3. In combination a source of audio frequency impulses, a variable gain amplifier fed from said source, a power amplifier actuated by the output from the variable gain amplifier and loudspeakers operated by the output from the power amplifier, a second amplifier operated by the audio frequency impulses and feeding a rectifier connected to the variable gain amplifier, and a miorophone within the acoustic field of the loudspeakers and feeding the rectifier through an amplifier connected in opposition to the second amplifier whereby the gain of the variable gain amplifier is determined by the difference in the input to said rectier.
4. In combination a source of audio frequency impulses, a variable gain amplifier fed from said source, a power amplifier actuated by the output from the variable gain amplifier and loudspeakers operated by the output from the power amplifier, a second amplifier operated by the audio frequency impulses and feeding a rectifier connected to the variable gain amplifier. a microphone within the acoustic field of the loudspeakers and feeding the rectifier through an amplifier connected in opposition to the second amplifier whereby the gain of the Variable gain amplifier is determined by the difference in the input to said rectifier, and a reversing switch between the rectifier and the variable gain amplier.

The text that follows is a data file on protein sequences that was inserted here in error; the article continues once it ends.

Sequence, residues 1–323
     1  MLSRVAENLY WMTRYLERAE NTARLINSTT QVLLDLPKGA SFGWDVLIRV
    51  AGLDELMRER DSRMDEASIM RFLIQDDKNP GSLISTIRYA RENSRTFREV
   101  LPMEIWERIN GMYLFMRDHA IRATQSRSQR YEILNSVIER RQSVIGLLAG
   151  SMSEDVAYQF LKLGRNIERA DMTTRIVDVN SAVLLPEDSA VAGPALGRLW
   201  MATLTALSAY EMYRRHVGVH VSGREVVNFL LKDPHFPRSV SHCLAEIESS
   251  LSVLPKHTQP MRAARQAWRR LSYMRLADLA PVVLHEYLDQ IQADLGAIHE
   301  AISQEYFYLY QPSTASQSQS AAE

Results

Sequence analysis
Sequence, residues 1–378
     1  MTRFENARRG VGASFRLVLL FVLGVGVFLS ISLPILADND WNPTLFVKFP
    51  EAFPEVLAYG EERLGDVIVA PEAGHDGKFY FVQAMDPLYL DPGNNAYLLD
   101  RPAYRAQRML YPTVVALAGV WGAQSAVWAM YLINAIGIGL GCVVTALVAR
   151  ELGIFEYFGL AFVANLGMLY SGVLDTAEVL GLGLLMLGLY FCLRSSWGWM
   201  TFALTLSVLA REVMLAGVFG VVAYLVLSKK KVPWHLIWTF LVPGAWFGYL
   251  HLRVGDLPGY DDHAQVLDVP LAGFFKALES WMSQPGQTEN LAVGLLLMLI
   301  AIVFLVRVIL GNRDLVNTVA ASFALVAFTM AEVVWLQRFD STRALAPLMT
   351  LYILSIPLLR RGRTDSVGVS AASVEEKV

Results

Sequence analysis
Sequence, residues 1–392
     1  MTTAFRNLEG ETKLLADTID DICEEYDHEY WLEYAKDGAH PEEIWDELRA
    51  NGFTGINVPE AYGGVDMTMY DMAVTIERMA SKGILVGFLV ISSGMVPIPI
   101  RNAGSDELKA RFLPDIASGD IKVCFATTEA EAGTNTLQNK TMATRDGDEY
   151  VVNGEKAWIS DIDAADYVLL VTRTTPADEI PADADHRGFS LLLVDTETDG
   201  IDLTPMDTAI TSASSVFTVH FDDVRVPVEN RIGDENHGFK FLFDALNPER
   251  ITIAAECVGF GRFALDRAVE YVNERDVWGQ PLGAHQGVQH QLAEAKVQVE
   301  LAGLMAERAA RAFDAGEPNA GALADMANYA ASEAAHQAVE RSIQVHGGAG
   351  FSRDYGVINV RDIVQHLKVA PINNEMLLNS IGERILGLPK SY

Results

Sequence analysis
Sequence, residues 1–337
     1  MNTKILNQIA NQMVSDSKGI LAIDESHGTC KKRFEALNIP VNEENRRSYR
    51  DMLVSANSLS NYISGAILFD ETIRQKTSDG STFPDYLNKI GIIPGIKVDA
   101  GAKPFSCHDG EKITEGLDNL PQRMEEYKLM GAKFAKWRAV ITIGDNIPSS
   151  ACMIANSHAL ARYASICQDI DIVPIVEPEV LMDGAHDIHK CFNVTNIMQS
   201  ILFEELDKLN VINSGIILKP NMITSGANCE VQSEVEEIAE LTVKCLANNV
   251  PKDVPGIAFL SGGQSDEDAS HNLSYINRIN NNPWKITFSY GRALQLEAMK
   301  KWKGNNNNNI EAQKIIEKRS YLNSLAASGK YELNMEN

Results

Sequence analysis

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|US2966549 *||Apr 2, 1954||Dec 27, 1960||Lawrence J Fogel||Apparatus for improving intelligence under high ambient noise levels|
|US3409738 *||Apr 16, 1965||Nov 5, 1968||Rimac Ltd||Volume controlled audio program broadcasting|
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|US4322579 *||Feb 26, 1980||Mar 30, 1982||U.S. Philips Corporation||Sound reproduction in a space with an independent sound source|
|US4395600 *||Nov 26, 1980||Jul 26, 1983||Lundy Rene R||Auditory subliminal message system and method|
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|DE2321765A1 *||Apr 30, 1973||May 2, 1974||Rion Co||Hoerhilfe|
|DE2321765C3 *||Apr 30, 1973||Jul 7, 1988||Rion K.K., Kokubunji, Tokio/Tokyo, Jp||Title not available|
|International Classification||H03G3/24, H03G3/22|